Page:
Paint was followed by wet sanding and buffing until the body looked like marble. The chassis was painted and fully assembled as a roller with engine and transmission set into place. The body was mated to the chassis and the rest of the assembly was performed along with wiring and upholstery.

The combo of the 55’s new GM Performance 430hp LS3 topped with MSD fuel injection and the Art Morrison chassis deliver an amazing level of comfort, performance, and reliability. Pete can jump in the Chevy and enjoy years of cruising without the plaguing issues often associated with carbureted engines and today’s modern gasoline. The chassis delivers a level of comfort and smooth handling that will not leave Pete feeling fatigued even after long hours behind the wheel. The 55 truly performs on both looks and performance—it is the definition of ProTouring in a classic car, and we hope Pete collects many memories in it feeling like the luckiest body in high school.


Geoffrey Landis’ FAMILY JEWEL restoration by MetalWorks

I love hearing stories of vehicles that have been with a family for decades. The tales of multiple generations enjoying road trips and vacations, along with thousands of miles of cruising are golden. The story of the beautiful 1938 Oldsmobile you see gracing these pages is just such a tale.

Way back in 1938 Grover Stanton and his two sisters Ruby and Garnet traveled to Lansing, Michigan to take delivery of their brand new 1938 Oldsmobile Model F-38 4 door Touring Sedan. The sedan was driven cross country with Ruby doing all the driving while Grover rode shot gun, and Garnet handled all the navigation duties seated in between them. The 38 was enjoyed for decades, and then inherited by their cousin Willetta Pense of Scio, Oregon. Willetta immediately signed the Olds over to her son Bruce. Bruce enjoyed the sedan during the early 1960s until it quick working one day…as a result, it was parked.
The idle sedan sat outside for a short time, but was then moved inside the family’s barn where it would reside for several more decades. Barn storage can often preserve a vehicle very well, but in the case of this barn the 38 Olds was subjected to high water levels from the nearby Crab Tree Creek whose waters ran around and underneath it. Besides the wet conditions the Olds played host to squirrels, rats, mice, and hoards of yellow jackets, hornets, and spiders.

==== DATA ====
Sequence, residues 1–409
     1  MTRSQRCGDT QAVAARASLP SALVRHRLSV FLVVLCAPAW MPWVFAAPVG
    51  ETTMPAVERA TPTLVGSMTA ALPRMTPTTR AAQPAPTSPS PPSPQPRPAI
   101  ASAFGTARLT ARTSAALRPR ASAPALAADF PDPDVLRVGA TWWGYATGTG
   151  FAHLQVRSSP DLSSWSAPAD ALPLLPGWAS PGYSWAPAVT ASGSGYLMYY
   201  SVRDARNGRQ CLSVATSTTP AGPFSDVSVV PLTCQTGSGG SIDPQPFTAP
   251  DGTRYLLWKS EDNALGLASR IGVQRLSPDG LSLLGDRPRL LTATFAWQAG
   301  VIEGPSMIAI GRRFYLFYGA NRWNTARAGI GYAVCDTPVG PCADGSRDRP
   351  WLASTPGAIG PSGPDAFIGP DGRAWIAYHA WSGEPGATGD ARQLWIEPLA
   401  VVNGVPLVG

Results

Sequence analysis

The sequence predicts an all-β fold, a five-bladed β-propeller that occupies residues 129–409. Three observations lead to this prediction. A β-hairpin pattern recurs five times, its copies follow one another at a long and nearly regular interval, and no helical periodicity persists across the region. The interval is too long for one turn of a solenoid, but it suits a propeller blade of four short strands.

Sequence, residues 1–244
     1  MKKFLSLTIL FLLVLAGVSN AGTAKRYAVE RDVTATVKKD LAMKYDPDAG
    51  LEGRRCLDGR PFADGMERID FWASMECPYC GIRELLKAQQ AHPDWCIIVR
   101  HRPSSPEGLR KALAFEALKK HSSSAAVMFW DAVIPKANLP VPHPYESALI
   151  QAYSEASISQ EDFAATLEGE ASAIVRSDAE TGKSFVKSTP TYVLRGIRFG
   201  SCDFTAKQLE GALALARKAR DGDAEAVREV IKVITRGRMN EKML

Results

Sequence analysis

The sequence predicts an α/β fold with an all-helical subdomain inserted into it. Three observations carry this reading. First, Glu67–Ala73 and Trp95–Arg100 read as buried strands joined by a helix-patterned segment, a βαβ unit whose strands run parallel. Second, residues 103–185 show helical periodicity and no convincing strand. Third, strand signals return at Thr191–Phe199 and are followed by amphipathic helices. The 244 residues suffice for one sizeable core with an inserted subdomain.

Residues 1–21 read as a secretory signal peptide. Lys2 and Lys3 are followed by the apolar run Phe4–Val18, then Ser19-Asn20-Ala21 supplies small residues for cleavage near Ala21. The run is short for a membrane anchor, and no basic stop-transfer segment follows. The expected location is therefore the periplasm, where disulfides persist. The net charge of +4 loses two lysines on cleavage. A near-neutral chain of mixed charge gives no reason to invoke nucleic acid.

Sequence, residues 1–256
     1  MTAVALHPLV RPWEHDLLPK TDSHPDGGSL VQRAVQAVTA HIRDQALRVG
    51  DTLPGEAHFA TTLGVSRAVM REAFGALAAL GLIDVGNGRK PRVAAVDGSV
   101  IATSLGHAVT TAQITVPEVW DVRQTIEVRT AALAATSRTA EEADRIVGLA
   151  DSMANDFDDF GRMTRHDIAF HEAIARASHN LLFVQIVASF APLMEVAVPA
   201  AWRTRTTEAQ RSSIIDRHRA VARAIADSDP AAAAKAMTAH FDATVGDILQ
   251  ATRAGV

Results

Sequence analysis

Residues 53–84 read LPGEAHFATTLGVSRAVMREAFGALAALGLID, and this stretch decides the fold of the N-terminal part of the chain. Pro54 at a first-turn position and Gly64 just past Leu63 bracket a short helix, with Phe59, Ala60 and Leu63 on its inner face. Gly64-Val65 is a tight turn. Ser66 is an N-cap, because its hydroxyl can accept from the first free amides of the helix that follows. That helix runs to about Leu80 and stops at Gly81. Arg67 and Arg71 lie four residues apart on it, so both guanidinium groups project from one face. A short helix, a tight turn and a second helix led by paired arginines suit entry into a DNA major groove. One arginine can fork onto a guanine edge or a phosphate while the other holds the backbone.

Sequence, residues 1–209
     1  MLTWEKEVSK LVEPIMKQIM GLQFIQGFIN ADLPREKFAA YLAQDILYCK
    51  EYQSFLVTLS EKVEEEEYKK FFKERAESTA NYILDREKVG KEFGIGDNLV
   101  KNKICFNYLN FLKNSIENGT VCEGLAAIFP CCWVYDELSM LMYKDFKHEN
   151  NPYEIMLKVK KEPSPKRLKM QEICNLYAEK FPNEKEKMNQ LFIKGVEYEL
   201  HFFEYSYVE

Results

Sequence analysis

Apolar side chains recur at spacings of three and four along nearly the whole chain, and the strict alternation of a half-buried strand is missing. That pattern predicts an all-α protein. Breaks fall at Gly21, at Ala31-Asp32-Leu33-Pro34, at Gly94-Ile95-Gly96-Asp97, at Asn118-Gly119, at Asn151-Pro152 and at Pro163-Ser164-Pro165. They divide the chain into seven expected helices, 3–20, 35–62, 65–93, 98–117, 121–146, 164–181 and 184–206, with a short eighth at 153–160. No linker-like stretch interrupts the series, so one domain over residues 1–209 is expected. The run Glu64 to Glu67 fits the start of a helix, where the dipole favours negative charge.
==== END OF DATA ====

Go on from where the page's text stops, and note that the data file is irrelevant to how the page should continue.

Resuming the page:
Flash forward to 2012 when family member Geoffrey Landis became the newes care taker of the family heirloom. Geoffrey wanted to see the 38 returned to its former glory, and got busy disassembling it. It took nearly a year to carefully take the Olds apart and bag all the components. Once Geoffrey took the sedan to the point where he no longer had the tools and expertise to finish the restoration, he turned to MetalWorks Classic Auto Restoration to complete the build.

The team at MetalWorks sat down and discussed a direction for the restoration, and Geoffrey’s plans for the car once restored. Well the time for the Olds sitting idle was over, Geoffrey wanted to drive it. So with keeping an overall stock external appearance, the 38 was treated to many modern upgrades to assure trouble free enjoyment. The long list of upgrades includes a 430hp GM Performance LS3 engine, suspension by HEIDTS, and 4 wheel disc brakes by Wilwood. The restoration process was a long battle, but the 38 turned out gorgeous, and is a perfect blend of classic and modern.

To see the sedan’s full restoration, check
out its build gallery of MetalWorks’ website:
http://metalworksclassics.com/portfolio-page/1938-oldsmobile/

MetalWorks built 65 Lincoln Continental